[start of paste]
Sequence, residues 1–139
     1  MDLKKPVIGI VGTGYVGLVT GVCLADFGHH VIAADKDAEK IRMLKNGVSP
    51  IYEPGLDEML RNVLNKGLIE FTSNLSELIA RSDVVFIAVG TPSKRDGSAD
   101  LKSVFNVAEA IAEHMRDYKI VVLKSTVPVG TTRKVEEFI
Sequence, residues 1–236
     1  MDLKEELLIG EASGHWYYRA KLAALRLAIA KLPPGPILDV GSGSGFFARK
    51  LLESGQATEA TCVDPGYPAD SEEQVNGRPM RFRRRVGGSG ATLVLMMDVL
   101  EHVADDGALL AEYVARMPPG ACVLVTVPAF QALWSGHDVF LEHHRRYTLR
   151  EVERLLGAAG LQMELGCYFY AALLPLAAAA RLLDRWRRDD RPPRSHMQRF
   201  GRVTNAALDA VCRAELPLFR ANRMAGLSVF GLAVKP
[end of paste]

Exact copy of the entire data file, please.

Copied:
Sequence, residues 1–139
     1  MDLKKPVIGI VGTGYVGLVT GVCLADFGHH VIAADKDAEK IRMLKNGVSP
    51  IYEPGLDEML RNVLNKGLIE FTSNLSELIA RSDVVFIAVG TPSKRDGSAD
   101  LKSVFNVAEA IAEHMRDYKI VVLKSTVPVG TTRKVEEFI
Sequence, residues 1–236
     1  MDLKEELLIG EASGHWYYRA KLAALRLAIA KLPPGPILDV GSGSGFFARK
    51  LLESGQATEA TCVDPGYPAD SEEQVNGRPM RFRRRVGGSG ATLVLMMDVL
   101  EHVADDGALL AEYVARMPPG ACVLVTVPAF QALWSGHDVF LEHHRRYTLR
   151  EVERLLGAAG LQMELGCYFY AALLPLAAAA RLLDRWRRDD RPPRSHMQRF
   201  GRVTNAALDA VCRAELPLFR ANRMAGLSVF GLAVKP